Parents

Nothing destroys the potential for parents to have a close relationship with their children as disciplining through excessive fear. When children are still young, parents should be aware that one day their children will become independent. Parents who frequently use fear as a weapon create negative feelings in their children. When they grow up, those children are likely to rebel against their parents and go their own way.

Religion tends to speak the language of the heart, which is the language of friends, lovers, children, and parents.

Chance makes our parents, but choice makes our friends.

What can be the aim of withholding from children, or let us say from young people, this information about the sexual life of human beings? Is it a fear of arousing interest in such matters prematurely, before it spontaneously stirs in them? Is it a hope of retarding by concealment of this kind the development of the sexual instinct in general, until such time as it can find its way into the only channels open to it in the civilized social order? Is it supposed that children would show no interest or understanding for the facts and riddles of sexual life if they were not prompted to do so by outside influence? Is it regarded as possible that the knowledge withheld from them will not reach them in other ways? Or is it genuinely and seriously intended that later on they should consider everything connected with sex as something despicable and abhorrent from which their parents and teachers wish to keep them apart as long as possible? I am really at a loss so say which of these can be the motive for the customary concealment from children of everything connected with sex. I only know that these arguments are one and all equally foolish, and that I find it difficult to pay them the compliment of serious refutation.

Love, it has been said, flows downward. The love of parents for their children has always been far more powerful than that of children for their parents; and who among the sons of men ever loved God with a thousandth part of the love which Go has manifested to us.

A good character is, in all cases, the fruit of personal exertion. It is not inherited from parents, it is not created by external advantages, it is no necessary appendage of birth, wealth, talents or station; but it is the result of one’s own endeavors.

Parents, however old they and we may grow to be, serve among other things to shield us from a sense of our doom. As long as they are around, we can avoid the fact of our mortality; we can still be innocent children.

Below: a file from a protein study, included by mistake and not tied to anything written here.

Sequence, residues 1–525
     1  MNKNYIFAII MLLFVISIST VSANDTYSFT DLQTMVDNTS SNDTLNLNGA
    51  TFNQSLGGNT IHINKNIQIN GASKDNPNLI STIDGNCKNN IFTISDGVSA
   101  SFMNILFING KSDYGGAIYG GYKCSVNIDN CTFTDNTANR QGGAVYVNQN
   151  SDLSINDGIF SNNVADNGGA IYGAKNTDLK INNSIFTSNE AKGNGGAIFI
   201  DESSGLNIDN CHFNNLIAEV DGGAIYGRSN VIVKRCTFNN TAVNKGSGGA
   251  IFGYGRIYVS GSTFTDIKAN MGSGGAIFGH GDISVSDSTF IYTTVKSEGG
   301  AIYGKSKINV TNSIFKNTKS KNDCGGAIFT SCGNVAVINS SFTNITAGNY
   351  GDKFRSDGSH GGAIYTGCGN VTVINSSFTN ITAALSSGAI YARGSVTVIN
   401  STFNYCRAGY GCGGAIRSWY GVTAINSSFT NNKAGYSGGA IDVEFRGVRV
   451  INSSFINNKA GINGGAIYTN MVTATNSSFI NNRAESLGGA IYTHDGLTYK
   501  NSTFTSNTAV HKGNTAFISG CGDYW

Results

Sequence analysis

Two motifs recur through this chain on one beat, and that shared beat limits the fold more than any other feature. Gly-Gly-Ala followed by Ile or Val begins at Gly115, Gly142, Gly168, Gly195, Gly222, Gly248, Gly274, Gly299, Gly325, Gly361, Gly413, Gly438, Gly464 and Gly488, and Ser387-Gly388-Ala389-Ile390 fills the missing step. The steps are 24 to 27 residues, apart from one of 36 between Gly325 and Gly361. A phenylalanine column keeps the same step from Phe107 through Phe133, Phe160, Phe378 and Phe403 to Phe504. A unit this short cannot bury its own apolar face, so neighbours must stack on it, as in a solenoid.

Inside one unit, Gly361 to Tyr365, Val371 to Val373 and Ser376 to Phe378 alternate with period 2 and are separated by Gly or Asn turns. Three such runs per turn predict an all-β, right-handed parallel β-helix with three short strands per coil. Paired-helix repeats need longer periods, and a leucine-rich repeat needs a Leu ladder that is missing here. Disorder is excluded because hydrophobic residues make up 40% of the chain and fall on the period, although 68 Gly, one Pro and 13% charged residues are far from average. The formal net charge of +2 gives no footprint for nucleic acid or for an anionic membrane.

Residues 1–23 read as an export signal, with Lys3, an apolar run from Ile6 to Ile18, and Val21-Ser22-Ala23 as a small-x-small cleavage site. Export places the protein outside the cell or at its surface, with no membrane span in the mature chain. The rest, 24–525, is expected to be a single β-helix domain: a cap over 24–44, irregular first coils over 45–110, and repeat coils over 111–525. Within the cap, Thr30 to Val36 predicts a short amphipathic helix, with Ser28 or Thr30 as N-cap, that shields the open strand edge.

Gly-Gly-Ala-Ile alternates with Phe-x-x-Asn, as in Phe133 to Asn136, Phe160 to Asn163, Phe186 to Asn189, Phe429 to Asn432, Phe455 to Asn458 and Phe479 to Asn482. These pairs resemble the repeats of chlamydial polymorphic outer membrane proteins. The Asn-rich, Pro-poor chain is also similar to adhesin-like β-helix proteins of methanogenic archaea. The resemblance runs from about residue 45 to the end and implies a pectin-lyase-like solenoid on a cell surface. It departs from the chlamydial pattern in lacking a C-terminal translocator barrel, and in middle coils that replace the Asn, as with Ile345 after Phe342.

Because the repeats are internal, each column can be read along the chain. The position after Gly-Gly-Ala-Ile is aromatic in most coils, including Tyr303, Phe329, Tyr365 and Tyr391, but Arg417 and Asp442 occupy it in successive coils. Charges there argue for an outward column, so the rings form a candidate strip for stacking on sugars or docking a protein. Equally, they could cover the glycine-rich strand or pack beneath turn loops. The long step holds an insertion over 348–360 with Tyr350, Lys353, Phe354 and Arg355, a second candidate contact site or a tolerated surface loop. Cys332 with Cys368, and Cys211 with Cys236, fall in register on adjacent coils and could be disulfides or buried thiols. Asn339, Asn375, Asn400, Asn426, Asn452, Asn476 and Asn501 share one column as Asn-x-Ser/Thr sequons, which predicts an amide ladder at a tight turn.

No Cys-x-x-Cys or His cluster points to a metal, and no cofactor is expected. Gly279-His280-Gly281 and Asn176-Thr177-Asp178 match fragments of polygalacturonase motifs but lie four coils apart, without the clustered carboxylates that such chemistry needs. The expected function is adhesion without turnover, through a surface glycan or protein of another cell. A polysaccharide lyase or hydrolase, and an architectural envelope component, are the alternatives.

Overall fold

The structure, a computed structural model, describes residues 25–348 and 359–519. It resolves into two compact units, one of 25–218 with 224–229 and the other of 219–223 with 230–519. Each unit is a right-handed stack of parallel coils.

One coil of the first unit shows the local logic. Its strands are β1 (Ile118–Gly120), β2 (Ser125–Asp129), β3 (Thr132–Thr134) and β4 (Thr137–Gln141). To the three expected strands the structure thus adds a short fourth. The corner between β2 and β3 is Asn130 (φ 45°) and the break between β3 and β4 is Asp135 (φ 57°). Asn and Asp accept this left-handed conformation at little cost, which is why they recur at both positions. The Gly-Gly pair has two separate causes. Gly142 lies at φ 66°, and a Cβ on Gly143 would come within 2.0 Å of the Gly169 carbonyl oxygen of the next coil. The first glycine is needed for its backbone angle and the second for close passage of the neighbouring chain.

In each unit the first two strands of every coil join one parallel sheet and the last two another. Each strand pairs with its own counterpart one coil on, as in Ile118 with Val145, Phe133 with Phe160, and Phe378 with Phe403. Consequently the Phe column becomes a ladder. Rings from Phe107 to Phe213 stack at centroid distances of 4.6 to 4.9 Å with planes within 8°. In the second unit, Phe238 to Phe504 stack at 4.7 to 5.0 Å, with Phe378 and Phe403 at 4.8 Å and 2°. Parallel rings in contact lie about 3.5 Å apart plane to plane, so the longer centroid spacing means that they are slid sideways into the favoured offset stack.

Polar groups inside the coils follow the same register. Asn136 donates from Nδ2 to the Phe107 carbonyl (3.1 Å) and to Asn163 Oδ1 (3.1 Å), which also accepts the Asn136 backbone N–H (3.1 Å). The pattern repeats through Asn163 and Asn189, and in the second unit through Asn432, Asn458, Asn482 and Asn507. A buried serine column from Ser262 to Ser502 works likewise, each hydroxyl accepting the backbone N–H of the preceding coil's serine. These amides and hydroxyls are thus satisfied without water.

Conduct thyself towards thy parents as thou wouldst wish thy children to conduct themselves towards thee.

When a person is born, he finds the world in a certain organized fashion. As he grows up, he tries to adjust himself to the assumptions that are accepted in the world. He views each event that occurs with the same perspective as the other people of his generation. These perspectives originated in the past and have been handed down from parents to children. These assumptions are taken for granted to such an extent that most people react to the accepted perspective of the world as if they were laws of the universe that cannot be changed. They are accepted as reality and are not challenged. Only a small minority of people obtain the necessary wisdom to look at the world with complete objectivity. They take a critical look at teach and every thing and try to understand everything as it really is instead of accepting the general prevalent outlook. Those who try to investigate the origin of every perspective will perceive everything in a much different light than is commonly accepted.

The God-given rights of parents are not understood or are ignored by our secularist educators and by many school administrators who, in the delusion of sovereignty, act as though they, not the parents, have complete control of the education of the child.

Before we are predators, prey, lovers, parents and suckling infants, let alone fellow citizens, we are living creatures actively embedded in the world.

If thou desire to see thy child virtuous, let him not see his father’s vices; thou canst not rebuke that in children that they behold practiced in thee; till reason be ripe, examples direct more than precepts; such as thy behavior is before they children’s faces, such commonly is theirs behind their parents backs.

There is a mistaken notion prevailing among some parents that discipline is the same thing as punishment. It is not. Discipline comes from a Latin word meaning "to teach." The best discipline is that which teaches, not the kind that hurts.

There are no illegitimate children - only illegitimate parents.

We are the people our parents warned us about.

Be more prudent for your children than perhaps you have been for yourself. When they, too, are parents they will imitate you, and each of you will have prepared happy generations who will transmit, together with your memory, the worship of your wisdom.

The parents exist to teach the child, but also they must learn what the child has to teach them; and the child has a very great deal to teach them.

Each generation of Americans has outstripped its parents in education, in literacy, and in economic attainment. For the first time in the history of our country, the educational skills of one generation will not surpass, will not equal, will not even approach those of their parents.

Parents are often so busy with the physical rearing of children that they miss the glory of parenthood, just as the grandeur of the trees is lost when raking leaves.

The young always have the same problem - how to rebel and conform at the same time. They have now solved this by defying their parents and copying one another.